As you read the reviews on Bookshop Talk, you'll notice that every review is positive. No, we're not a bunch of literary
pushovers who love everything we pick up; we just see no point in telling you about a book if we didn't like it.

April 11, 2011


The Immortal Life of Henrietta LacksFrom a single, abbreviated life grew a seemingly immortal line of cells that made some of the most crucial innovations in modern science possible. And from that same life, and those cells, Rebecca Skloot has fashioned in The Immortal Life of Henrietta Lacks a fascinating and moving story of medicine and family, of how life is sustained in laboratories and in memory. (Amazon)

Review by Jessica Day George, Young Adult & Middle Grade Author, and Bookshop Talk Host

So incredibly fascinating!  For sixty years nearly every medical doctor and scientist in the world has run their experiments using cultured cells known as HeLa . . . which all came from a woman named Henrietta Lacks, who died in 1951.  The medical and scientific advances that have been made using these cells are immeasurable, but that isn’t what makes this book so fascinating. 

What makes it so wonderful is how it is also an in depth look at how the life and loss of this one woman has affected her family.  While researchers at Johns Hopkins used the HeLa cells to find a cure for cervical cancer (the cause of Henrietta’s death), only a few miles away the Lacks family lived in abject poverty, uneducated, and plagued with health issues that they could not afford to have treated.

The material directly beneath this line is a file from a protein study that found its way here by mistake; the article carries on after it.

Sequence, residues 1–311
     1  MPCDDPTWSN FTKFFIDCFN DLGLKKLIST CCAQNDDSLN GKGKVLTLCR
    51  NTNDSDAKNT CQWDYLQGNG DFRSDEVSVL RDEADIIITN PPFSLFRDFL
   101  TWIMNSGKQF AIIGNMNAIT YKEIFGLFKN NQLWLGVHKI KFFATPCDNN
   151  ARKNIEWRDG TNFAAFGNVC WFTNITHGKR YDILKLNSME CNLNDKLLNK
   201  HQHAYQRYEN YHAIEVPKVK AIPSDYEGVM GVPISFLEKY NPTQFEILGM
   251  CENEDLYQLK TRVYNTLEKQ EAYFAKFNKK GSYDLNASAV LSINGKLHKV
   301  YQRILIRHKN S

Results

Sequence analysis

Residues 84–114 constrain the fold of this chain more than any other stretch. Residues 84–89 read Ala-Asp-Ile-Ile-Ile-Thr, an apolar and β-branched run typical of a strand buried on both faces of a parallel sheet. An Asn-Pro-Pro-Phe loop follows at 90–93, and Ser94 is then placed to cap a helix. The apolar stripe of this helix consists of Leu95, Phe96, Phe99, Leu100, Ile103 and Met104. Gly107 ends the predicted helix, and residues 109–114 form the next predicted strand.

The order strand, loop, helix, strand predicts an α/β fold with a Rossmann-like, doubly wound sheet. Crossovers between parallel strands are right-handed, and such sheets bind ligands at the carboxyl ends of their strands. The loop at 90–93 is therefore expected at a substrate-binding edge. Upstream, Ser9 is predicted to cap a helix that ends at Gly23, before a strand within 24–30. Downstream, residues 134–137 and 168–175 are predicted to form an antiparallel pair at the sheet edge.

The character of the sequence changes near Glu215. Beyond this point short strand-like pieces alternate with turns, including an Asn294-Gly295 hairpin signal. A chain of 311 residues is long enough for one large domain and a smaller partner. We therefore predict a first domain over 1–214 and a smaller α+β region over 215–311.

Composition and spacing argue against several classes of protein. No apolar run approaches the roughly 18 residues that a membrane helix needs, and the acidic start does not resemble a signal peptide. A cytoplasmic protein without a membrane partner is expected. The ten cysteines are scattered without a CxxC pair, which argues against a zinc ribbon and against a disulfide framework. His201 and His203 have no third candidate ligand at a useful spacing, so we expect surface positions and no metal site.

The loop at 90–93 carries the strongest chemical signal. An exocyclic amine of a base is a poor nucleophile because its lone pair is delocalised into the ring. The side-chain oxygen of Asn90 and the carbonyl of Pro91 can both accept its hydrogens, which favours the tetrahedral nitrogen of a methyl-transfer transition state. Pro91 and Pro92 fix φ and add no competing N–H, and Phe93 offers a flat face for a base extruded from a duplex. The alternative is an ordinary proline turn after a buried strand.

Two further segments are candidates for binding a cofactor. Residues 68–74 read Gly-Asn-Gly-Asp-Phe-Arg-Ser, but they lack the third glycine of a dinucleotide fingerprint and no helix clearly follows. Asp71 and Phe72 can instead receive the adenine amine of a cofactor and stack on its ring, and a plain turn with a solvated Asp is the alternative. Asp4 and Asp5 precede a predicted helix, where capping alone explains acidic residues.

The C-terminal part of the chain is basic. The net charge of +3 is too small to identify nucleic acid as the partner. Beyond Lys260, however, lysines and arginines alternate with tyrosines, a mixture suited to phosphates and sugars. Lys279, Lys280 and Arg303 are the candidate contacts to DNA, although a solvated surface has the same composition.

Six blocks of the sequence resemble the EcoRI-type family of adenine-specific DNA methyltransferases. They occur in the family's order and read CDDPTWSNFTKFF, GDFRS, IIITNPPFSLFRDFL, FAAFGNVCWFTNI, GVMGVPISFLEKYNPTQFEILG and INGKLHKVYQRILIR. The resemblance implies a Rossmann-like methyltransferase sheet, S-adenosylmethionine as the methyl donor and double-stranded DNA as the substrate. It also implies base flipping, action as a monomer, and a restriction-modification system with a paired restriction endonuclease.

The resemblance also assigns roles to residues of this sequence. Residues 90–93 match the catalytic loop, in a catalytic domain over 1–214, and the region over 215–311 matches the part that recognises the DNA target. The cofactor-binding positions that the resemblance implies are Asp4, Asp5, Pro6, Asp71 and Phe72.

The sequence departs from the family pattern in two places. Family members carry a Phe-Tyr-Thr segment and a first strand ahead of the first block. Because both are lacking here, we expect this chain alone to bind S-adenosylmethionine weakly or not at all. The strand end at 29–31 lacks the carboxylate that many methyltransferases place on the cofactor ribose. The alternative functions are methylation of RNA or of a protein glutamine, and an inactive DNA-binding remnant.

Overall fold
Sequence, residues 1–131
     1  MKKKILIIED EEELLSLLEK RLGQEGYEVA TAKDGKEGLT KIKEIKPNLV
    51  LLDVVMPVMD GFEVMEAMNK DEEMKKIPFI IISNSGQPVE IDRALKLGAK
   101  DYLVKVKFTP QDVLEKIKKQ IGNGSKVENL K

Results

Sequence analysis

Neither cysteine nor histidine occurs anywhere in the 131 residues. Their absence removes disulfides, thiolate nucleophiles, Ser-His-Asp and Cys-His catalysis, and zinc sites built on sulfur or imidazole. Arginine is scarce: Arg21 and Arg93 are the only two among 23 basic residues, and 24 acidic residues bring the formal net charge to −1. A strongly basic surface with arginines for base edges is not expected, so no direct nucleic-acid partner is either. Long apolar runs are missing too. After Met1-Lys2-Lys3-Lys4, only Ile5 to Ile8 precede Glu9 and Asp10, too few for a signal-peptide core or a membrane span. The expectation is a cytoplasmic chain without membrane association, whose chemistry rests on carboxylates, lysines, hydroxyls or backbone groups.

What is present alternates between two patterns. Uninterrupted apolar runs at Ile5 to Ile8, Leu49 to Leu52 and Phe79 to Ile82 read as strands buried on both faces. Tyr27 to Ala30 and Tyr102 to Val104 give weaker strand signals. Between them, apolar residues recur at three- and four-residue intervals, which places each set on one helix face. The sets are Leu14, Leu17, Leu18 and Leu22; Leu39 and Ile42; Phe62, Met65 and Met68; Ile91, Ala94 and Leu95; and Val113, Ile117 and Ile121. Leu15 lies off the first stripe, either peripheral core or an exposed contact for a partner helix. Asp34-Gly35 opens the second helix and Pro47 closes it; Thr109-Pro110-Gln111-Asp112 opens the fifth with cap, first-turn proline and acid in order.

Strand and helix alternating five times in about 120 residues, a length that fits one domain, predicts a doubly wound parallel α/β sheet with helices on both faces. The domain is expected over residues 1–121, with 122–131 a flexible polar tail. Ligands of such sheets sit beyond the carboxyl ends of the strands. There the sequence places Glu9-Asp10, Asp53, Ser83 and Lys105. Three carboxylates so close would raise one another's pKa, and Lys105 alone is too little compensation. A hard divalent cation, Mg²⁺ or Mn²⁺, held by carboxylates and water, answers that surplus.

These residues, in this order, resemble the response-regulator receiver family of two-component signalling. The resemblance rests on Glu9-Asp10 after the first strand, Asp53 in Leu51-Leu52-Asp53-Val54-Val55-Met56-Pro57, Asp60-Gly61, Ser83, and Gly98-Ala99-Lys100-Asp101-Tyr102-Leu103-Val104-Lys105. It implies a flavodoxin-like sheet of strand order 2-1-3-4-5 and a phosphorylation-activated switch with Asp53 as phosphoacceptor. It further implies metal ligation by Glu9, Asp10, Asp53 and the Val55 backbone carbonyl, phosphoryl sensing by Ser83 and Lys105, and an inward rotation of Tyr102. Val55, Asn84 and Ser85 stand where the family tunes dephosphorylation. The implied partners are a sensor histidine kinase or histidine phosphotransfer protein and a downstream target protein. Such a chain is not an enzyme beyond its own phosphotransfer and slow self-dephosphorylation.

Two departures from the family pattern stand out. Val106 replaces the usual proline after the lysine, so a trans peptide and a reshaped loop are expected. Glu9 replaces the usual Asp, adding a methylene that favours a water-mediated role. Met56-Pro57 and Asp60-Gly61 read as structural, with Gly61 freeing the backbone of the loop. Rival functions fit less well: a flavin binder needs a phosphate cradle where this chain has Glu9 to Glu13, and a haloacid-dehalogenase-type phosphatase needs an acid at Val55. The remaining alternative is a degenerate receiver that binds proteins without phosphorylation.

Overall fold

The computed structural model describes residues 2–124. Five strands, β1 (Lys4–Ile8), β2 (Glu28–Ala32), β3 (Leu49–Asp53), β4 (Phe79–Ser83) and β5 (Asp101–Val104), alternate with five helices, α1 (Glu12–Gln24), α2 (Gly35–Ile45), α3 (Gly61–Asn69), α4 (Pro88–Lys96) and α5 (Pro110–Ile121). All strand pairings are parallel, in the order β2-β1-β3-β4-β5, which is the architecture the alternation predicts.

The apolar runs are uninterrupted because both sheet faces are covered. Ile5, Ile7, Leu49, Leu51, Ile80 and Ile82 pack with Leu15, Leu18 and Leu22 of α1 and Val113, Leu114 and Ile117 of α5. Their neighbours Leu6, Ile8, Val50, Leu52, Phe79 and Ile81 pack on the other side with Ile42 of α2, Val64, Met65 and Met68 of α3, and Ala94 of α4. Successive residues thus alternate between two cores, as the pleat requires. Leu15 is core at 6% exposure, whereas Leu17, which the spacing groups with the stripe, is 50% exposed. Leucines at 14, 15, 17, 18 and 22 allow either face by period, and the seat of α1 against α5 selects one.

What really moved me about this story was how ignorant the family was, not only of their mother’s contribution to medicine, but about what was even happening with the cells, and I was angered by how little Johns Hopkins or anyone else did to help them understand.  The first they heard that some of Henrietta’s cells had been taken and that they had survived was over ten years later, and then they had no idea what that meant.  No doctor, scientist, or reporter tried to help them learn about their mother until Skloot came along in 2001. 

For thirty years they were laboring under the impression that Johns Hopkins had kept actual body parts from Henrietta.  Even when it was explained that they had only kept cells (and then they had to be taught what “cells” are), the family then feared that the cells were truly alive, that they felt pain and suffered when they were injected with diseases. 

What Skloot has done by working with the family (she did research and interviews for over ten years) has helped the family by teaching them to trust outsiders, and by helping them learn about their mother’s life and her life after death.  Her children were very young when she died, and thanks to Skloot they were put in contact with friends and family who taught them about her fun-loving personality. 

They learned the fate of Elsie, Henrietta’s oldest daughter who was institutionalized in 1950 for “idiocy,” but was in all probability merely deaf and epileptic.  This is an amazing story!

MARKET: Adult Nonfiction
LANGUAGE: Some salty language from irate members of the Lacks family
SENSUALITY: a young girl is molested by her uncle, frank diagnoses of syphilis and gonorrhea, and it’s effects on unborn children

Book formats:

To learn more about the author, visit: Rebecca Skloot

To learn more about the reviewer, Jessica Day George's books, go here


Anonymous said...

This sounds intriguing and heartbreaking. Thank you for the review, Jessica!

Rosebriars said...

Jessica, thanks so much for this awesome review, this book would not likely have found its way to me otherwise. I was disturbed and fascinated and cannot believe how much of the story I did not know. Stayed up until almost 2 am reading it several nights in a row.